Why We Continue To Send Out Our Very Best Leaders

Multiplication can feel scary and painful, so how do you become a leader who is willing and eager to send out your very best?


Brenda Gatlin

Regional Leader, Midwest North, Vineyard USA

Michael Gatlin

National Coordinator, Multiply Vineyard

Multiply Vineyard

Helping Vineyard churches fulfill their God-given call to multiply.

As pastors over the past few decades, we have seen a lot of really great leaders come and go. In the Vineyard we have always been taught to hold our leaders open handedly. We’ve discovered that by being the kind of people who will not only invest in others, but also be willing and eager to send out your very best, you will actually get to work with even more exceptionally gifted leaders over the long haul. So even though it sometimes feels painful, we will continue to send out our very best.

Here are a few observations from our experience:

It is, and always will be, a sacrifice.

Investing in leaders and sending them out to pursue their dreams demands sacrifice on our part. You invest lots in helping them discover who they are and in training and equipping them. Along the way you begin to wonder how you’ll ever accomplish what God has called you to do without them! We’ve discovered that God is big enough to meet our needs along the way as we continue to hold others with an open hand. Every single time it has felt like a sacrifice and every single time God has been faithful to us.

When leaders leave it’s healthy to feel something.

The first few weeks after sending out someone you’ve deeply invested in, you will feel stuff! It might be grief, anxiety, or worry. When you have discipled and prayed for and cried with a leader as they’ve developed, it is normal to feel some hurt when they leave. You’ve loved them, cared for and about them, and enjoyed doing ministry alongside them.

If you hold onto that hurt and pain, it  will eventually harden you to sending anyone else and sometimes, it can even keep you from investing in the next generation of potential leaders. To live in the fear of that hurt will make you hold leaders too tightly. Instead we called to help these potential leaders develop and grow, giving them absolutely everything we have so that they can effectively embrace Christ’s invitation for themselves. Learn to embrace the “empty nest” as a normal part of life, but don’t let it stay “empty” for too long. There are many more potential leaders right around the next corner.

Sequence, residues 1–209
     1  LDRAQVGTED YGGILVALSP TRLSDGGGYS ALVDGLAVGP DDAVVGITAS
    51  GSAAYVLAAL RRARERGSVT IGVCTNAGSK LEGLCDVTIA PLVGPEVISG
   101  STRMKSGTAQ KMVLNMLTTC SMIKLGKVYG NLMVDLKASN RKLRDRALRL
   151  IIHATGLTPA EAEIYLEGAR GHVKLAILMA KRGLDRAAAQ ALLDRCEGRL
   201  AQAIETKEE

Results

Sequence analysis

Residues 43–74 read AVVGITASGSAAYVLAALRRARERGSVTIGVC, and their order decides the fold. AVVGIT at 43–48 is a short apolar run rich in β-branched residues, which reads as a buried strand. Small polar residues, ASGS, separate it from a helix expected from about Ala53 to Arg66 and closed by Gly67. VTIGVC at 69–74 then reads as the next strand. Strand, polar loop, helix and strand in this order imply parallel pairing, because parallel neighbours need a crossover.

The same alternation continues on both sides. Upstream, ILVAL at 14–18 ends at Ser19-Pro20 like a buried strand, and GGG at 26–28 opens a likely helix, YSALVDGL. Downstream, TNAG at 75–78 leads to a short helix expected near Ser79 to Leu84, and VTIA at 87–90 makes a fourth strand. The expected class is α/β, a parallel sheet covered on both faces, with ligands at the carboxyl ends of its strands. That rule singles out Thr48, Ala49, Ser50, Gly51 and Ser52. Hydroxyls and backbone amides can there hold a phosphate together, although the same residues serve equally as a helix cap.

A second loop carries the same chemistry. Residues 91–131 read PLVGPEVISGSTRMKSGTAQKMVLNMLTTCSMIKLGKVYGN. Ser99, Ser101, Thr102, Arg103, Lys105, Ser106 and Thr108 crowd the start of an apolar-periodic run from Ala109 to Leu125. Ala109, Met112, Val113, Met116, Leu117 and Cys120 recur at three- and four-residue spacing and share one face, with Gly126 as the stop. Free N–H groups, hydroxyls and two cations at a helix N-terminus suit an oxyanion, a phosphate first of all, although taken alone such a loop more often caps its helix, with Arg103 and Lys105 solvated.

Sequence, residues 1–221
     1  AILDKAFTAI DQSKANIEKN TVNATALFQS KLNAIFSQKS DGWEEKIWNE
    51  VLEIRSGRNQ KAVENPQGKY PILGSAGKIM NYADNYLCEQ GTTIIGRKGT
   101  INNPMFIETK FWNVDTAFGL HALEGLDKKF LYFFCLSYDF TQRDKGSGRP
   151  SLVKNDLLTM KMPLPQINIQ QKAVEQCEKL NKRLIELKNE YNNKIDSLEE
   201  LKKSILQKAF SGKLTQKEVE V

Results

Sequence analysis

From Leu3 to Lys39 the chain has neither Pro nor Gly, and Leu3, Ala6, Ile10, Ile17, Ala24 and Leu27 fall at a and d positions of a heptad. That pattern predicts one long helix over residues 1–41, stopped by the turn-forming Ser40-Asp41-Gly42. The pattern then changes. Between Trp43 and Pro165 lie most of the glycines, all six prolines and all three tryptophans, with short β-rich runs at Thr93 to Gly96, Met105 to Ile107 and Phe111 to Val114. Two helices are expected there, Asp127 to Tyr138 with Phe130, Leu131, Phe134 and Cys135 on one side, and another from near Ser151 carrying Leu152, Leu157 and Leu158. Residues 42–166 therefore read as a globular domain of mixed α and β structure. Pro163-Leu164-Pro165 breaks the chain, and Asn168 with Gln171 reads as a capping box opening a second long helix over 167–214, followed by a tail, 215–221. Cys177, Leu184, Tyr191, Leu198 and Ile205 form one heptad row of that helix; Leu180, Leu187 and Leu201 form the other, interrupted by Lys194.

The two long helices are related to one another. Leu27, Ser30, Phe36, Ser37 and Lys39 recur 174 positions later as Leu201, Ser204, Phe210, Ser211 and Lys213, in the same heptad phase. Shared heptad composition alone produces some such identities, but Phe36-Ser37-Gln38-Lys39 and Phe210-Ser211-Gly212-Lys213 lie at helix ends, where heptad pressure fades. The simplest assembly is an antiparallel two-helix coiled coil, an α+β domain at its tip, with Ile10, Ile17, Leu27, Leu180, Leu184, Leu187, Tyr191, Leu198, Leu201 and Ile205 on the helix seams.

It’s the nature of the kingdom for this thing to multiply.

When you send out a new church plant, it’s true, you will initially lose leaders, attenders, and finances from the mother church. Sometimes you’re sending out a whole team of people to give this new church a healthy start. It can feel scary and painful, but this is the way multiplication happens. You will now have the opportunity to invest in and disciple a whole new group of people.

It’s the nature of the kingdom that the local church multiplies. The church is a beautiful picture of who God is, and since he doesn’t keep his flourishing life to himself, neither should we. By being willing to freely encourage our best leaders to take what they’ve learned and go to the next neighborhood, we get to participate in what God is doing in a whole new group of people’s lives—we see the transformation and healing and renewal and community that flows from the gospel keep right on going. How sweet is that?

If  you are interested in being the kind of pastor who confronts your fears, who invests in and sends out your best, and who consistently participates in what God is doing in the next community… We want to invite you to join us for a gathering of pastors who are doing all of this and more—multiplying leaders, sending out new churches, or discerning a call to ministry. The Multiply Vineyard Summit is happening January 8-10 in Miami, FL at the Miami Vineyard. (Seriously, it’s a few days of January in Miami…do you need any more of a reason?)

[Original Post By Multiply Vineyard]

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